Tuesday, August 31, 2010

Good and Bad

Printing and Prophecy will be my first book. I've undertaken other lengthy projects (an overgrown master's thesis and my dissertation), but this is my first published book. All my contact with the press has been by post and e-mail with people I've never met in real life, so at times it's hard to entirely shake the feeling that I've been hooked by an elaborate hoax. But behold: I just discovered that Printing and Prophecy now appears on the University of Michigan Press web site, as a book in the Cultures of Knowledge in the Early Modern World series. My book is real!

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I can't log on to ILLiad, and no one here knows why, so I'm cut off from interlibrary loan. I'm like a junkie who can't get his fix. Listen, people, either you let me order articles from obscure journals soon, or I'm going to start making a scene right in the middle of the quad.

Thursday, August 26, 2010

Research links you need to know about II: VD16

The "VD16" I mentioned in my previous post is the Verzeichnis der im deutschen Sprachbereich erschienenen Drucke des 16. Jahrhunderts. It's a constantly updated index of all known editions printed in German or in the German-language area in the 16th century. The interface is awkward and the project is woefully underfunded, but VD16 is incredibly valuable for studying 16th-century printing and early modern literature. Recently, the VD17 index became accessible through the same interface, so you can search two centuries at the same time. To learn more about it, read here, but to search the database, click here.

One thing I wish more scholars would do when citing German 16th-century editions is to include the VD16 number. As printers could and did print several editions of the same work in the same year, identifying an edition as "Augsburg: Heinrich Steiner, 1530" is not specific enough (let alone "Augsburg, 1530" or simply "1530"). With a VD16 number, readers can look up precisely what edition is meant, and find the cataloging source, and possible links to digital editions, and (via the "SFX" module) the shelf marks of known copies.

When I was researching Printing and Prophecy, I identified likely title words and checked every year from 1501-1550, and later checked all the authors for works I may have missed, and then double-checked every entry in the appendix against VD16 before submitting the final manuscript. For any research project that even tangentially deals with 16th-century German printing, VD16 is absolutely essential.

Tuesday, August 24, 2010

Research links you need to know about I: BSB digitalization

There are just a few sites I check every day, or even multiple times each day. The one I check most often (via RSS feed) and where I most often find something new, useful, surprising, or just plain cool has got to be the digitalization project of the Bayerische Staatsbibliothek. Their area of focus is 16th century printed books (in order to digitize their holdings of VD16 titles), but you'll also find a rich collection of medieval manuscripts, musical works, non-Western works, and many others. Check it every day. It's better than Christmas.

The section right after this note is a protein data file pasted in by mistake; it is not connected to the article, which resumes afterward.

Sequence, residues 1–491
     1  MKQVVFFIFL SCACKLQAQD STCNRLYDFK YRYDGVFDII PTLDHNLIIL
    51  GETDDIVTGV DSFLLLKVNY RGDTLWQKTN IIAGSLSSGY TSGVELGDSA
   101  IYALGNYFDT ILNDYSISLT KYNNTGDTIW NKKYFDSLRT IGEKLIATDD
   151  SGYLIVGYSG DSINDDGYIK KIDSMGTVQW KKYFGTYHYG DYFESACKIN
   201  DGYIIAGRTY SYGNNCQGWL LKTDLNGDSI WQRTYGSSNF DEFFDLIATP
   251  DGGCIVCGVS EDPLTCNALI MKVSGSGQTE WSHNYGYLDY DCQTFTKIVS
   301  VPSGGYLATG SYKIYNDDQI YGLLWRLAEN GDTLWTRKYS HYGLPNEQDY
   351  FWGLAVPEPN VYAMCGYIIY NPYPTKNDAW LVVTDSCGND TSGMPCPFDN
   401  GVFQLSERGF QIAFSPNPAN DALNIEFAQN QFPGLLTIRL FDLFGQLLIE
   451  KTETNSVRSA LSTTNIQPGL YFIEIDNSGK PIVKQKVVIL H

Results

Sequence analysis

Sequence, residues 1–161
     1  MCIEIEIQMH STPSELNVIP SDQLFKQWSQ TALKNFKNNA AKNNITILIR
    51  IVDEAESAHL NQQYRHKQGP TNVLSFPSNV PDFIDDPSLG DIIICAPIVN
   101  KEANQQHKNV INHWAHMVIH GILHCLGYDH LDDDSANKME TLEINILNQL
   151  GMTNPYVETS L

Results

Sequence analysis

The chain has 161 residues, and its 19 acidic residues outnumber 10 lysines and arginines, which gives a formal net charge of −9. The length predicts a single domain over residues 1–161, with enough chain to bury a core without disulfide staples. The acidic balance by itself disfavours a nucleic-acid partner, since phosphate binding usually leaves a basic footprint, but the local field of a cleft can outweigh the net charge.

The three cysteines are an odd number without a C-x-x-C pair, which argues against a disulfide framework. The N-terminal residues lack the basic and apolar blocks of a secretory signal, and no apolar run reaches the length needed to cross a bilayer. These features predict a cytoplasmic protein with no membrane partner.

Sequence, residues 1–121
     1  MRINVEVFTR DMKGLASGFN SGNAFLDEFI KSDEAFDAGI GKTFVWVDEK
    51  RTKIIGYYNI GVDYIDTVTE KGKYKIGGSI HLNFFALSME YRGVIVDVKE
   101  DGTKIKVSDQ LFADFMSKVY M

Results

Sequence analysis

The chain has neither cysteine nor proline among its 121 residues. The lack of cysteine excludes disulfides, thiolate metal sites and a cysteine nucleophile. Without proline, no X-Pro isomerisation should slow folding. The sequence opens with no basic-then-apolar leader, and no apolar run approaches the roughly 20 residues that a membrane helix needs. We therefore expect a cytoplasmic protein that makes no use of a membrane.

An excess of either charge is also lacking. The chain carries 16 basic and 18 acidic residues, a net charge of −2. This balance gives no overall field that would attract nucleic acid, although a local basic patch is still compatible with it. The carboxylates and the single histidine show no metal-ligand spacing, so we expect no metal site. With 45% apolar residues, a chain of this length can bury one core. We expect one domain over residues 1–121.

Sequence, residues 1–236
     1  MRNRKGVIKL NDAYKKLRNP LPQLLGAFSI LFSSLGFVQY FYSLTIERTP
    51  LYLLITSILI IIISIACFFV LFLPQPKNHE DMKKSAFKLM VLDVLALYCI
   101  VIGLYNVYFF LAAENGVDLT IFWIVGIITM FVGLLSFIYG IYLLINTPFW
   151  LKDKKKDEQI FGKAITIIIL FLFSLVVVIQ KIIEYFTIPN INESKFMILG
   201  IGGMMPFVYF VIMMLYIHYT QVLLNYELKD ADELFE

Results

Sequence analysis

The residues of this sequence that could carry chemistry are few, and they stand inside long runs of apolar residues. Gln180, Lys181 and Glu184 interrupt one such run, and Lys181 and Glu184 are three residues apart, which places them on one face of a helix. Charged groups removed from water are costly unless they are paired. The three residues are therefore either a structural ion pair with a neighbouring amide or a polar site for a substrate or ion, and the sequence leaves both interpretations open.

Friday, August 20, 2010

What I'm working on: "Wilhelm de Friess"

Prophetic pamphlets show us people's deepest hopes and fears. From the 15th century onwards, they provide insights on what was going on in the minds of Europeans from all parts of society, and on how that society was structured, during a time of tremendous change.

For Printing and Prophecy, I drew the chronological boundaries of 1450-1550, so I had relatively little to say about earlier or later works. It turns out, though, that one of the most popular authors of prophetic tracts was Wilhelm de Friess of Maastricht, whose pamphlets appeared in more than 30 German-language editions between 1557 and 1587. That puts him ahead of any of the 16th-century astrologers, and in the same league as Johannes Lichtenberger.

How much has been written about de Friess? Nothing. He gets mentioned in passing in a handful of books and articles, but despite his popularity, no one has written specifically about de Friess.

Maastricht is in the Netherlands, right? So the pamphlets were translated into German from Dutch, right? The answer is a definite "sort of."

  • There's evidence for some early reception in the Netherlands, but none of those editions are extant.The Germans, though, kept buying "de Friess" for 30 years.
  • "Wilhelm de Friess" is nearly non-existent as a historical person. The title pages all insist that the prophecies were found under his pillow after his death, but the death of de Friess is just about the only fact of his biography that's mentioned.
  • And the 30+ editions are actually two totally different texts. Friess I (1557-1568) is a pastiche of End Times tropes (Angelic Pope, Last World Emperor, Antichrist, etc.), while Friess II (1577-1587 and later) is a much different (and much more pessimistic) kind of prophecy. The name of de Friess is even attached to a third prognostic text as well.

Dead authors are useful, apparently.

Status: I've done most of the heavy lifting on this one. I'm working on writing up the manuscript and submitting it right now.

Tuesday, August 17, 2010

Moving in

This is where I'll be posting research updates. Right now my office is still full of unopened boxes and I'm busy with new faculty orientation, so posting will be light. This week's goal: start a research blog. Status: accomplished.